Review: DeFazio Forum Was Defacto Healthcare Report

On Wednesday, April 17 at the Corvallis-Benton Public Library, Rep. Peter DeFazio (OR-4) hosted a town hall to speak about access to healthcare and the cost of prescription drugs. Sharing the stage with Rep. DeFazio were Julie Manning, Vice President of Marketing and PR at Samaritan Health Services, Sherlyn Dahl, Executive Director of the Community Health Centers of Benton and Linn Counties, and Dr. Craig Williams of OSU’s School of Public Health. 

Rep. DeFazio and the panel spoke about the importance of defending the protections offered by the Affordable Care Act (ACA), also known as Obamacare. Currently, there is a complex battle in the federal courts and in Congress over whether the ACA will survive, spurring Democrats like Rep. DeFazio into action in their districts, attempting to build public support to defend the healthcare law. 

Posters at the front of the room displayed data about what would happen if the ACA were struck down or repealed. Over 850,000 Oregonians would see a rise in their premiums. 28 percent of young adults in Oregon would be kicked off their parents’ plans. 31.2 percent of residents in Oregon’s 4th district, stretching from Corvallis south to the California border, would lose coverage entirely because of pre-existing conditions. 33 percent of American adults said they have skipped medication because of cost. 

One of the main features of the ACA was the expansion of the Medicaid program in individual states, known here as the Oregon Health Plan (OHP). Manning pointed out less than half of recipients in Benton County would have coverage if were not for the expansion. Manning credited the ACA with sharp declines in emergency room visits and readmissions. 

Dahl spoke about her work in community health centers, federally qualified health services which serve mostly low-income patients. The ACA caused the uninsured rate among her patients to drop by almost half. 

However, DeFazio and the panelists also addressed the shortfalls of the ACA, namely the lack of controls on prescription drug pricing. 

“The fix for this is really at the regulatory and legislative level,” said Dr. Williams, an expert on drug pricing. 

Dr. Williams explained that since the bulk of research and development of pharmaceuticals has been essentially outsourced to the private sector, and the FDA oversees the safety and efficiency of the drugs themselves but has no authority over the drugs’ pricing, the private pharmaceutical companies are allowed to price drugs as they wish. If a cheap, generic version of a drug is made which drives the price down, one or more of the companies will likely stop making the drug, as it would be no longer as profitable to do so. However, this often leaves few, or even one player selling certain drugs, allowing those companies to leverage control over the price.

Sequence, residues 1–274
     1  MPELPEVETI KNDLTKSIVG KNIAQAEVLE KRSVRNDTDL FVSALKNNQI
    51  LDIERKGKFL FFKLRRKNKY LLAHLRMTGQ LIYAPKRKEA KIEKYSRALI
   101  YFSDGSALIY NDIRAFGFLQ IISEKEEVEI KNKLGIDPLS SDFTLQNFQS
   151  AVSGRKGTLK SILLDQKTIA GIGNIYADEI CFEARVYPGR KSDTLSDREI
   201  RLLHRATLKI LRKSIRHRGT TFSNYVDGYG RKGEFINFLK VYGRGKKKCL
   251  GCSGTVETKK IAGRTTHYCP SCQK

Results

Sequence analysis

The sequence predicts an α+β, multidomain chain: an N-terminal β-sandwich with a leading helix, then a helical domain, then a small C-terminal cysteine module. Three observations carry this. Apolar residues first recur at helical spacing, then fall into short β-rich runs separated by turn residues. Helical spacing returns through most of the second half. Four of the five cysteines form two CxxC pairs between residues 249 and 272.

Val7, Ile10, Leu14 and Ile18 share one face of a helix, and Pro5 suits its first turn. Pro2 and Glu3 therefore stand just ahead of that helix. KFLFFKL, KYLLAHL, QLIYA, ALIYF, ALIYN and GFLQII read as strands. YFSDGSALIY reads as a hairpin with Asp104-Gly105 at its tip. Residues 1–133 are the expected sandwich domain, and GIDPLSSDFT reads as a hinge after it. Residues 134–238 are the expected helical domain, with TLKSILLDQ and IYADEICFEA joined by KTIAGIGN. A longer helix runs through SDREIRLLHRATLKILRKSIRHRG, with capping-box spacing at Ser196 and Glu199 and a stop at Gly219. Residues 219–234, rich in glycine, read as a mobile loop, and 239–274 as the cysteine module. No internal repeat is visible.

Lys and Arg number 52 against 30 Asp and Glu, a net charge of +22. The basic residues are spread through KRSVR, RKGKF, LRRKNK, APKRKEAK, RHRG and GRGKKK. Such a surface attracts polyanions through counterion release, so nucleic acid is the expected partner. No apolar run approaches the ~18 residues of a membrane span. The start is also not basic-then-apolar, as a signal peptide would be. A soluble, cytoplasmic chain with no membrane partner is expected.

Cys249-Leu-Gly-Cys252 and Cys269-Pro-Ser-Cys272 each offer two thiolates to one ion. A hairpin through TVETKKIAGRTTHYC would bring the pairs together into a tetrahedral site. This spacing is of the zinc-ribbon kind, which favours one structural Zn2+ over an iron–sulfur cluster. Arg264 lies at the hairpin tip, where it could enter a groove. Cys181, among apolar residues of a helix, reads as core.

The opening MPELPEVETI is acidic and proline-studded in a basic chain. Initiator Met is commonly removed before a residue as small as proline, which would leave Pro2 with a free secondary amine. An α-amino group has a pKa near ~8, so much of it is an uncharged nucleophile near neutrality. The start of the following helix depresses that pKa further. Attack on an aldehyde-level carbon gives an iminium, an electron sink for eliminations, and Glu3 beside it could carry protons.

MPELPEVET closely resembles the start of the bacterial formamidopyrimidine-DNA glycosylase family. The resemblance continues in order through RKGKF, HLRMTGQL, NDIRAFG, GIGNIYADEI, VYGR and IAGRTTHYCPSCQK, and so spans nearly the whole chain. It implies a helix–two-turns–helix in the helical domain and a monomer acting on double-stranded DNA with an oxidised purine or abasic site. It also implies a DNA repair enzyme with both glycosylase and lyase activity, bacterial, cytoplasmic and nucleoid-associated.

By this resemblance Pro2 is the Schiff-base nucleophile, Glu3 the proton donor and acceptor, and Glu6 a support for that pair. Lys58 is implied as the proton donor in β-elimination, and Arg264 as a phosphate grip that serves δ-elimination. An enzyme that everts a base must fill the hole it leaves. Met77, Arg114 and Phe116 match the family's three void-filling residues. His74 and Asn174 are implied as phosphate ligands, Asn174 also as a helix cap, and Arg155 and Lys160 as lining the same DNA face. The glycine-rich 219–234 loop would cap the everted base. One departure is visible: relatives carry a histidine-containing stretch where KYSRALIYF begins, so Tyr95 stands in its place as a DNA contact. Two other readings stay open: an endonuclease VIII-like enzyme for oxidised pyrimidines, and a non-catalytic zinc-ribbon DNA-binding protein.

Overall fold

Rep. DeFazio explained that during the negotiations for the ACA, the Obama administration believed it could take on insurance companies, or pharmaceutical companies, but not both at once. He believes many of these shortcomings, such as caps on drug prices and further expanding coverage to the tens of millions of Americans still left uninsured, can be addressed by a Medicare-for-All bill which DeFazio and over 100 other Democratic members of the House have co-sponsored. 

The panel spent the last half of the meeting taking questions from the audience, including detailed questions about capping drug prices, spending on consultants and “middlemen”, and a call from the last questioner to “cut back on our sacred cow” of the defense and military budget in order to finance “more important things” like healthcare, drawing a cheer from the crowd. 

-By Ian MacRonald